Science magazine’s editorial bias against Palestinians

After reading Science’s absurdly one-sided story (February 28, 2024) on the effect of the genocide in Gaza on Israeli academics, I wrote an email to the news editor to intervene. He responded by offering to publish parts of the email as a “letter” in response to the story. I then reworked the text of the email to prepare it for publication and submitted a draft. The editor sent it back with substantial deletions, notably removing the paragraph describing the deliberate nature of the Israeli military’s destruction of academic life in Gaza. The sentence in which I explained the principles of the Palestinian Campaign for the Academic and Cultural Boycott of Israel (PACBI) was also removed, on the grounds that “[w]e often don’t know the motivations of those calling for or practicing a boycott.” I pointed out to the editor that the initial story had speculated freely about the supposed antisemitic motivations of alleged boycotts of Israeli academics and insisted on retaining the deleted passages. The editor declined to withdraw the deletions and I decided not to allow the text to be published in amputated form. Below is the text, including the passages Science refused to publish.

It is grotesquely disproportionate to run a story on Israeli academics’ self-reported worries about possible difficulties in getting their articles published without so much as mentioning that the Israeli military has reportedly killed at least 94 Palestinian university professors and over 4,000 students since October. All 12 universities in Gaza have been destroyed or damaged. The United Nations Office for the Coordination of Humanitarian Affairs (OCHA) estimates that 625,000 students in Gaza currently have no access to education, not to mention the 1.7 million internally displaced people and the 2.2 million currently facing acute starvation at IPC Phase 3 levels or above.

The article dismissively refers in passing to “the Gaza Strip’s relatively small scientific enterprise” and contrasts it with “Israel’s far larger research community,” to which the rest of the article is dedicated. It seems as though we’re meant to conclude that the destruction of the “relatively small scientific enterprise” in Gaza doesn’t matter in comparison with Israeli academics potentially being invited less frequently to conferences. Failing to mention the 16-year Israeli blockade of Gaza, which—long before 7 October—prevented the entry of equipment and materials needed for research as well as the exit of academics trying to collaborate with partners outside Gaza, is an egregious omission.

The article states that “attacks on Hamas forces by Israel’s military have destroyed university buildings and other infrastructure,” despite the overwhelming evidence that Israeli forces have deliberately targeted civilian structures such as universities rather than simply destroying them incidentally in attacks on Hamas. The clearest instance is the Israeli military’s apparent controlled demolition of Al-Israa University in January, after they had used the site as a base and detention center for several weeks. This and other targeted attacks on academic life in Gaza have led the organization Scholars Against the War on Palestine to describe the Israeli military as committing “scholasticide”: “systemic destruction, in whole or in part, of the educational life of a national, ethnic, racial, or religious group.”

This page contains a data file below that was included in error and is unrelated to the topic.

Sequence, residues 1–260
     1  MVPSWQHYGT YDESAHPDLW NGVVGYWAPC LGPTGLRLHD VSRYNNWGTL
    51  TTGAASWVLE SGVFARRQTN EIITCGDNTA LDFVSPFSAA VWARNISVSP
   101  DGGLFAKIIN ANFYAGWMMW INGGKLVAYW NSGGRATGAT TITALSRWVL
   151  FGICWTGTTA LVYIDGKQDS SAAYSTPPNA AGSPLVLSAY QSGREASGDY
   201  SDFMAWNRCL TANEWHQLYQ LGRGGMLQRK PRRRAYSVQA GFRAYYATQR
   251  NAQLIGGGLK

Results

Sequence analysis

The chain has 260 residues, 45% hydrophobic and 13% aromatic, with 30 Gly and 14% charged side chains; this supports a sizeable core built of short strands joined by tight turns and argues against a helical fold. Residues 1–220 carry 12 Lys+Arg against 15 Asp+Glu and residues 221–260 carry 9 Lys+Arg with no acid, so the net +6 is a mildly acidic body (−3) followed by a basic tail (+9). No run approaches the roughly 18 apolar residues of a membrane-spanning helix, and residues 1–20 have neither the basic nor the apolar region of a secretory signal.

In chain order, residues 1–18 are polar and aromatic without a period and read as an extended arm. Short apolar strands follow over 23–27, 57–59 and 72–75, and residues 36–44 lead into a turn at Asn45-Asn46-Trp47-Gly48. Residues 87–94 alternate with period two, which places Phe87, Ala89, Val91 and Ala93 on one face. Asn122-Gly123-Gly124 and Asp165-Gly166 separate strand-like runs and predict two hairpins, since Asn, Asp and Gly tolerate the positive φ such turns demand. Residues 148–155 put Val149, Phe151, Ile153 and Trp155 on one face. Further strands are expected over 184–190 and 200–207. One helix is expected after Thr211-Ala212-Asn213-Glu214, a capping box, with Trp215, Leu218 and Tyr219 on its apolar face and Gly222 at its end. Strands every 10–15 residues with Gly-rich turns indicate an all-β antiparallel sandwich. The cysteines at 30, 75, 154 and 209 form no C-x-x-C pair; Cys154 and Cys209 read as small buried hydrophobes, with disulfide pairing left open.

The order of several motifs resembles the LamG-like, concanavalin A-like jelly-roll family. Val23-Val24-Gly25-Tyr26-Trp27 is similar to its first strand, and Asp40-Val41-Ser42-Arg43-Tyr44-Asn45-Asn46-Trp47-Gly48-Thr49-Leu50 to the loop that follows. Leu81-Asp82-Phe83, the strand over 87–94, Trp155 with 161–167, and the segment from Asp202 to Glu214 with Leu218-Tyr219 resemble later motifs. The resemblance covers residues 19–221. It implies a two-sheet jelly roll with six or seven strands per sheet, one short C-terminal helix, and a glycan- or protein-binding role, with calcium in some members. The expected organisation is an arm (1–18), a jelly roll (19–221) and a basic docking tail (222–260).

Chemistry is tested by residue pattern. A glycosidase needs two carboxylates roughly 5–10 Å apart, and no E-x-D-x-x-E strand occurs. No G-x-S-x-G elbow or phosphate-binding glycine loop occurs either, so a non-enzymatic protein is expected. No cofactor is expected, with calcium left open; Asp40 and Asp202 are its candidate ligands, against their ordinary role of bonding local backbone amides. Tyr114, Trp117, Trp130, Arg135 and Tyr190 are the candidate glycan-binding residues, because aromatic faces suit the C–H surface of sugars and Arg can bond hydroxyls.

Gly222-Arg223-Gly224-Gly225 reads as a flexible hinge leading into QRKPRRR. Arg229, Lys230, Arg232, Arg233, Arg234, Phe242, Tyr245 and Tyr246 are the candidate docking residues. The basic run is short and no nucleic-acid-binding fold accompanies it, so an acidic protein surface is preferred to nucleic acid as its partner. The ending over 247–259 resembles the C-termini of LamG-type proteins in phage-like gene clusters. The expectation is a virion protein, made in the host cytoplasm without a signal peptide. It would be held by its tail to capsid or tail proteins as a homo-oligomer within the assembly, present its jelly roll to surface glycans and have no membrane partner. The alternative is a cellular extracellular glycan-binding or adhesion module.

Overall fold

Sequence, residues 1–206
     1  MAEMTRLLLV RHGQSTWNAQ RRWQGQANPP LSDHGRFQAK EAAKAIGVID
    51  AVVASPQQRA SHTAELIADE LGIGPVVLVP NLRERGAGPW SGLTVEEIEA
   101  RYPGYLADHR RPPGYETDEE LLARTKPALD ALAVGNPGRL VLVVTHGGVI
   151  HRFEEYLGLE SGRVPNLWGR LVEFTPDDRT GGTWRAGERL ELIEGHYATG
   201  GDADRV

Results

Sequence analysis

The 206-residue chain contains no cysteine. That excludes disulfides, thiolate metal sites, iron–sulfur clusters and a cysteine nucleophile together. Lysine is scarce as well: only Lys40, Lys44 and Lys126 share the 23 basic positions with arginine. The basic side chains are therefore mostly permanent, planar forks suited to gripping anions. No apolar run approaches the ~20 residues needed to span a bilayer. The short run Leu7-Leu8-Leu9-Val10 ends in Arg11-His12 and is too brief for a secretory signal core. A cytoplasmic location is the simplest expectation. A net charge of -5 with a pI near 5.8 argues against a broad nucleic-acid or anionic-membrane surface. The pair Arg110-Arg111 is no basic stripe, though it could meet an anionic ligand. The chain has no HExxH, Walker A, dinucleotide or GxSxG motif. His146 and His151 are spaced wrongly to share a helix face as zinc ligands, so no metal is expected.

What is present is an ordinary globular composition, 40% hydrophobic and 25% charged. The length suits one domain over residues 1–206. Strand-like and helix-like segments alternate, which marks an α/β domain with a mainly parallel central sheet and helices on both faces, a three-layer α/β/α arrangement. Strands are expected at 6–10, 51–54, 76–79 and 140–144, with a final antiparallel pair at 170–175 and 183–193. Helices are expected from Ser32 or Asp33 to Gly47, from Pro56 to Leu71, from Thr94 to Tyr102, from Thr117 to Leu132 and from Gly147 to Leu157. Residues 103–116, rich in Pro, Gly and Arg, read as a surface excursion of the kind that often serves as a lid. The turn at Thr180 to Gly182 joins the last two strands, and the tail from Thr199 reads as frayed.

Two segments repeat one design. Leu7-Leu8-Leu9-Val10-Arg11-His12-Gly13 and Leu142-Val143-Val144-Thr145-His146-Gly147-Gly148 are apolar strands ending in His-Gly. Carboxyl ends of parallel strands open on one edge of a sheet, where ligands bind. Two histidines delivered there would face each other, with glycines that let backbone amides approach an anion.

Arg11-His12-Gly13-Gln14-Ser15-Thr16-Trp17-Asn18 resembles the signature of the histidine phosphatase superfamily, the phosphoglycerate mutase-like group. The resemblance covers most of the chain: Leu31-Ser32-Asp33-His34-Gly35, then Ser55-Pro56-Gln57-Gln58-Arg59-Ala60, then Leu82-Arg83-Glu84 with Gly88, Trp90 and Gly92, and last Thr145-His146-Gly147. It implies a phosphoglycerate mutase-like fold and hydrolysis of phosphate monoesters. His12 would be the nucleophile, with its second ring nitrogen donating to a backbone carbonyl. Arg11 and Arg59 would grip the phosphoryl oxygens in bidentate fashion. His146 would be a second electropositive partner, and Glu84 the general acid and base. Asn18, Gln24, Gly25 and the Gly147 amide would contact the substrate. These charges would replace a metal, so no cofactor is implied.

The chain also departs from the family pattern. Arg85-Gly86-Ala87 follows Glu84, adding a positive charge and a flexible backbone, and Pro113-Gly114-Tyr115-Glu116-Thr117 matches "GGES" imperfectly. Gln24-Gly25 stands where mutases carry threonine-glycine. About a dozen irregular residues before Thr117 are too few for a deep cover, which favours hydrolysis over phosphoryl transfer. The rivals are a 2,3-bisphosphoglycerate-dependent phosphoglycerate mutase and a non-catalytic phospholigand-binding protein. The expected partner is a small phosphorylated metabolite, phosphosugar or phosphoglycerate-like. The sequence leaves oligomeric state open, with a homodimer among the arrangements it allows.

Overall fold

Finally, the article quotes without comment an Israeli academic’s unfounded speculation about a “slippery slope of hatred” leading to anyone with a “Jewish name” being subject to boycott. However, the Palestinian Campaign for the Academic and Cultural Boycott of Israel (PACBI) clearly states in its “Guidelines for the International Academic Boycott of Israel” that “the [Boycott, Divestment, and Sanctions] movement, including PACBI, rejects on principle boycotts of individuals based on their identity (such as citizenship, race, gender, or religion) or opinion.” Individual Israeli academics, not to mention Jewish academics outside Israel, are not the target of the campaign, which is instead focused on partnerships with Israeli institutions such as the European Union’s Horizon Europe program.

By not explaining the principles of the academic boycott of Israel or even quoting a single critic of Israel’s policies and actions towards the Palestinian people, the article conflates opposition to the decades-long displacement and oppression of Palestinians with antisemitism, which is a common manifestation of anti-Palestinian racism. In addition to providing cover for that oppression, this conflation makes combatting actual antisemitism harder by falsely tying the Jewish people as a whole to the actions of the State of Israel. 

I hope Science will begin to devote a more proportionate amount of attention to the Palestinian scientists living under indiscriminate bombardment and now facing famine conditions due to Israeli restrictions on aid entering Gaza, as well as the continual raids, arrests, and other obstructions on universities in the West Bank.

Josh Lalonde
Science for the People